“I’m not a child,” I say.
“Do not be angry,” says Colombina. “It is not your fault that he is a pig.”
“I will save you; I will protect you,” I protest.
“How, how can you do this,” says Colombina.
“I will kill him,” I say.
The four marionettes fall silent.
“You will,” asks Pierott? “How will you do this?”
“I don’t know,” I admit.
“See,” says Colombina. “It is useless; he is only a child.”
“If only I had a weapon,” I say, and here Il Generalissimo hands me his sabre. It grows cold and deadly in my hand.
“You know what you have to do.” Four pairs of painted eyes look at me, and I nod.
The next night the marionettes perform like stiff wooden puppets. Neither Guido nor Marco seem to notice the tension in the air. The applause is muted, and no encore is asked for or given. When the puppeteers come backstage, both Guido and Marco hang the marionettes on their pegs and leave without a word.
“He’ll be back,” I tell Colombina, and from my pocket, I withdraw the packet of cigarettes I took from Marco’s coat.
“Best get ready then,” she says. And Il Generalissimo hands me the sabre. I wipe it on my sleeve even though it is bright and clean. I finger the edge of the sabre; sharp as a razor.
“Quick,” calls Pierrot. “Behind the door, I can hear him coming.”
Sure enough, I hear Marco coming up from the back entrance stomping on the stairs. I slide behind the door and wait.
When Marco comes in, he starts shouting, “Hey boy, where are my cigarettes? Bring them now.”
I close the door and step out into the light holding the sabre. Marco looks surprised then he starts laughing.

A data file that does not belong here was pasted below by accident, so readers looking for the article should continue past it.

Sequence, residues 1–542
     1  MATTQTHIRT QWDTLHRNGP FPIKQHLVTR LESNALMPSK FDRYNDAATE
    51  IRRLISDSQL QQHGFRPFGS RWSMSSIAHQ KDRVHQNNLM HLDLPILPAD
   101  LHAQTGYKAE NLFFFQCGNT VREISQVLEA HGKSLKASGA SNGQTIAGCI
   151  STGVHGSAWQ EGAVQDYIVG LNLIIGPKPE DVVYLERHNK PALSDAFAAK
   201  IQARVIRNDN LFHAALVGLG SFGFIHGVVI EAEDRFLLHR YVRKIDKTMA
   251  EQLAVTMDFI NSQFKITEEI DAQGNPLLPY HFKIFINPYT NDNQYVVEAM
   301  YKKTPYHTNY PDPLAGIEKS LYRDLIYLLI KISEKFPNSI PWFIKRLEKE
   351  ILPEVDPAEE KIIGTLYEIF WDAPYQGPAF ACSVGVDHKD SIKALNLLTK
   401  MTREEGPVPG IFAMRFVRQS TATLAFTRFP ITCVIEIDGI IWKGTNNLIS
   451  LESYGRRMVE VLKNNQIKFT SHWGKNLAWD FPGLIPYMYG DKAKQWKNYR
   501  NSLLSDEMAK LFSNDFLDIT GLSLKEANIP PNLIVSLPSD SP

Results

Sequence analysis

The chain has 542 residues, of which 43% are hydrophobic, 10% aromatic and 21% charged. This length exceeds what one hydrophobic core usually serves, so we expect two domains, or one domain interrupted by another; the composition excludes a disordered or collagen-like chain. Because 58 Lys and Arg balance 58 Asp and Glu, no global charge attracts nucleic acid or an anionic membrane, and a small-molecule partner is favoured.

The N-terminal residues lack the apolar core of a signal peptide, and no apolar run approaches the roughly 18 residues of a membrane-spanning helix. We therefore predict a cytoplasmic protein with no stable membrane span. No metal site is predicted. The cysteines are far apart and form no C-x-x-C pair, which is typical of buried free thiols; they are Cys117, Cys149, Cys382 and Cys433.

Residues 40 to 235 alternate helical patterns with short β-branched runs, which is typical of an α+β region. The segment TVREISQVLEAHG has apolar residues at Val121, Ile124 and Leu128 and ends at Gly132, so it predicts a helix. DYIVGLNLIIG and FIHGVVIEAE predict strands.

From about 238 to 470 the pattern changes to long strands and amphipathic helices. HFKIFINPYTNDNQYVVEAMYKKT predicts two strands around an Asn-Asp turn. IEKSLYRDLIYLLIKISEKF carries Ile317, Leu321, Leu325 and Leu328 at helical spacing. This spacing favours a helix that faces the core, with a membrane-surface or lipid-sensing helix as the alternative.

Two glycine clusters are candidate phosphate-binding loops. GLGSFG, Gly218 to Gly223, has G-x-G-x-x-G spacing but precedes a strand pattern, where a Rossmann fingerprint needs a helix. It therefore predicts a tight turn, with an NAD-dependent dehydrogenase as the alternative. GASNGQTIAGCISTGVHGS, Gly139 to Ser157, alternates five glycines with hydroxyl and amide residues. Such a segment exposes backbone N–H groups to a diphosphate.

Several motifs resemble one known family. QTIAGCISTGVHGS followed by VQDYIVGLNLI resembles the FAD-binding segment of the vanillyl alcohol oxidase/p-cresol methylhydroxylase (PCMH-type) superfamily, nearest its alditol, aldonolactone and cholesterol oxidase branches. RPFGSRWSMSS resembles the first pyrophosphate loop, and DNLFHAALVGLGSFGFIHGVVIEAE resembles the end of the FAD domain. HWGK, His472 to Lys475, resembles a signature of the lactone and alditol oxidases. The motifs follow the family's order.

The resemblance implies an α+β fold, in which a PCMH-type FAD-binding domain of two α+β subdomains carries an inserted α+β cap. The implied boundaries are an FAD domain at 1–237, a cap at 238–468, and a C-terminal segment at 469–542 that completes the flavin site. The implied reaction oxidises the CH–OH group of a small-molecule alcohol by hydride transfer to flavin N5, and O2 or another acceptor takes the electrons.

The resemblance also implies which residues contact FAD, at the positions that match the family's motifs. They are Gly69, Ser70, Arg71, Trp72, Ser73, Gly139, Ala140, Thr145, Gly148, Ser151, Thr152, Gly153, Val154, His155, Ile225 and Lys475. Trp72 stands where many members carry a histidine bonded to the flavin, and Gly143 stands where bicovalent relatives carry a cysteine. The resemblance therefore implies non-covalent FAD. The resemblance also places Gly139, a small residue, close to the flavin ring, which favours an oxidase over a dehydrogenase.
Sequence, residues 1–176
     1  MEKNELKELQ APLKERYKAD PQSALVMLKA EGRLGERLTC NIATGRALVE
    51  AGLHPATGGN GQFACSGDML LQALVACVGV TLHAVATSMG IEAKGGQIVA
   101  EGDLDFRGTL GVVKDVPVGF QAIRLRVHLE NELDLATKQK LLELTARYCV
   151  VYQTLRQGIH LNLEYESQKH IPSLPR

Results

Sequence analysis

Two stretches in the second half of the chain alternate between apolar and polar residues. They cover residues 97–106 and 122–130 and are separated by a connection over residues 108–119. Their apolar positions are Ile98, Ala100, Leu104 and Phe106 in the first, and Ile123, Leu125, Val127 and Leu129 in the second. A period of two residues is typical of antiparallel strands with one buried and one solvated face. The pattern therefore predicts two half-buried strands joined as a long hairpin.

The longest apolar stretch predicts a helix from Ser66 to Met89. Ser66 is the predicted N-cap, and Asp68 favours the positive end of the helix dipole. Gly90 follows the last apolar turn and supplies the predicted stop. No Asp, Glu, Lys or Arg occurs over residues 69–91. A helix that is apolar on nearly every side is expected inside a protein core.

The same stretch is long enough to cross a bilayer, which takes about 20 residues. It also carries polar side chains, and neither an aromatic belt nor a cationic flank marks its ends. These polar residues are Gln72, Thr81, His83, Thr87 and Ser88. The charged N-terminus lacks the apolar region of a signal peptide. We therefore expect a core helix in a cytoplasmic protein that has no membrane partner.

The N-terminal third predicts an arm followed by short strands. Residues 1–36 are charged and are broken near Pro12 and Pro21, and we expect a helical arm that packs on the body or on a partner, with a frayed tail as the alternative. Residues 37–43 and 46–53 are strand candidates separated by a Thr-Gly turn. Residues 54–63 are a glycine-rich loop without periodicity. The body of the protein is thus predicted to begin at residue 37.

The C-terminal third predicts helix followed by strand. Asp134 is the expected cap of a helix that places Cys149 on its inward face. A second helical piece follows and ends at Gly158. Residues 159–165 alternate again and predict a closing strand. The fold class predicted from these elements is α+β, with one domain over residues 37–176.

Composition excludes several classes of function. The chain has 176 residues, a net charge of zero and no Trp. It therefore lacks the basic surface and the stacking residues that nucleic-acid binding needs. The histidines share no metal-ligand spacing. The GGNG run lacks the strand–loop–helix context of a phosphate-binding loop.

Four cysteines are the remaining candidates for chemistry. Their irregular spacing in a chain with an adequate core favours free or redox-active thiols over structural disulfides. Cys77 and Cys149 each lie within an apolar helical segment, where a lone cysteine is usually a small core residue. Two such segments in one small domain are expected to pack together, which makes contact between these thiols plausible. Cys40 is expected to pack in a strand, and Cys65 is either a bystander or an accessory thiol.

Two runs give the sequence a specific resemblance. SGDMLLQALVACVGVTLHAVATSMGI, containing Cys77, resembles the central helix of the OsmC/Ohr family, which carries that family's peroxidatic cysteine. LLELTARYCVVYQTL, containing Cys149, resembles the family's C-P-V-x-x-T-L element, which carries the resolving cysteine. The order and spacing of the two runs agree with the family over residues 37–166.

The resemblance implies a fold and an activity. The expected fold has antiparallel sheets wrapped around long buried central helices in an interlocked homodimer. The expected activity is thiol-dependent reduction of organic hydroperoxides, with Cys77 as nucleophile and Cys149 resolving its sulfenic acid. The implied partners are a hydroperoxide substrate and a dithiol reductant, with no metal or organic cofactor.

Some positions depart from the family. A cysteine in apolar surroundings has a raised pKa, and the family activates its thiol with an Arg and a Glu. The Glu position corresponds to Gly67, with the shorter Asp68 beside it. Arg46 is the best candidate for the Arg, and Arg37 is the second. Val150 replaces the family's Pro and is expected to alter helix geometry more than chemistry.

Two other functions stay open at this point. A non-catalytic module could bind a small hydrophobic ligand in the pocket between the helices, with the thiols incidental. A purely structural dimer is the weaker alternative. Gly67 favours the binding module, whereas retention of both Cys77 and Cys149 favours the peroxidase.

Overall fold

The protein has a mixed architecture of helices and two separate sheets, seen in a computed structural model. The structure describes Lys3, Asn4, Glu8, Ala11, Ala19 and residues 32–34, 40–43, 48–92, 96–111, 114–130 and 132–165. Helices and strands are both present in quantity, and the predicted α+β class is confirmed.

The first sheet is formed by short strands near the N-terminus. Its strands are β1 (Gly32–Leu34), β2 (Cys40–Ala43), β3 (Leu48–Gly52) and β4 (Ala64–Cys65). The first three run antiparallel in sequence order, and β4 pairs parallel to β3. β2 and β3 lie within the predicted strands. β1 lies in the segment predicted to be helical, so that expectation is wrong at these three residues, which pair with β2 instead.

“What’s all this,” he says. “Why are you waving that toy around?”
“I’m not a boy,” I say. “You have disrespected Colombina for too long. Now you will pay.”
“What are you talking about, they are puppets.”
I look at Colombina.
“If you love me, do it,” she calls.
Marco spins around and stares at Colombina. “I should smash you into a million pieces,” he shouts.
“Now,” shouts Pierrot. “While his back is turned.”
I close my eyes and swing the sabre wildly. I have no idea how to fight with a sword. I feel the blade jar against Marco’s skull, and a wet splatter covers my face. I open my eyes and watch Marco slump to the floor. Blood and brains spill from a gaping wound in his head, a wound I gave him. His lifeless eyes stare at me like a puppet’s.
“There, I’ve done it,” I say. “I’ve killed him as you wanted.”
But Colombina does not answer, nor Pierrot, nor Il Generalissimo nor Pantalone. They hang from their pegs lifeless and still. Only then do I realise who is pulling the strings.